From the Nottinghamshire Guardian (London, England), Friday, November 03, 1882; pg. 3; Issue 1954.
Mr. Anderson is my authority for saying that the two scenes in Messrs. Gilbert and Sullivan's new opera comprise "A Fairy Glen" and "Exterior of the House of Commons." The music he says reminds the listener of "Trial by Jury," and there is one song strongly suggestive of "God Save the Queen!" Mr. Gilbert is said to be very much annoyed at the gossip about his piece, and has posted up a notice to the company not to tell tales out of the theatre.
From the Birmingham Daily Post (Birmingham, England), Monday, November 13, 1882; Issue 7601.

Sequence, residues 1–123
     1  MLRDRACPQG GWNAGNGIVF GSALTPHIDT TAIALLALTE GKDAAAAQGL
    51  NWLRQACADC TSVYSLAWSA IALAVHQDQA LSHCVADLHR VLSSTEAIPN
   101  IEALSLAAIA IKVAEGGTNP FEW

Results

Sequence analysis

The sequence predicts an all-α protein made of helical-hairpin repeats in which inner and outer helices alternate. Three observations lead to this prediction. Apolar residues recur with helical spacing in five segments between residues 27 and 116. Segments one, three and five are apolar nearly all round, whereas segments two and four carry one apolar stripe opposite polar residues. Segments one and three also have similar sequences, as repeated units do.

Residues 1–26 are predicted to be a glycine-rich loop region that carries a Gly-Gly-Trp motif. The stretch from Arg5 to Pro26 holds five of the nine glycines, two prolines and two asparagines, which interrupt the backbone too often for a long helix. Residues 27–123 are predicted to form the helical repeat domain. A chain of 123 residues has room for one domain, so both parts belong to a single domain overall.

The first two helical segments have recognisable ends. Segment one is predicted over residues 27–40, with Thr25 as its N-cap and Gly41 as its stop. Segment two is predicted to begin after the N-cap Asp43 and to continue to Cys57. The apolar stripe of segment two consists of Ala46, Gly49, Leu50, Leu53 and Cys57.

The production of Messrs. Gilbert and Sullivan's new opera at the Savoy is fixed for Saturday week, the 25th instant. Its tiltle will not, as has been stated, be "Perola," but will, it is said, be "Eleanthe." [sic]
From the Glasgow Herald (Glasgow, Scotland), Monday, November 20, 1882; Issue 277.
Next Saturday, Messrs. Sullivan and Gilbert's new operetta "Iolanthe" will be produced at the Savoy. It is understood that a paragraph about the ballet girls wearing incandescent electric lights in their hair was put forward ion a society paper as a sort of suggestion to see how it would be taken. The Lancet, however, warmly protests against it, and there is no doubt the unlucky ballet girls will run an eminent risk of their lives. If the silk covering of the connecting wires slips or becomes worn nothing can save these unfortunate supers from instant death. It is suggested that "the electric business" should be stopped by the Home Office rather than by the Department of the Lord Chamberlain.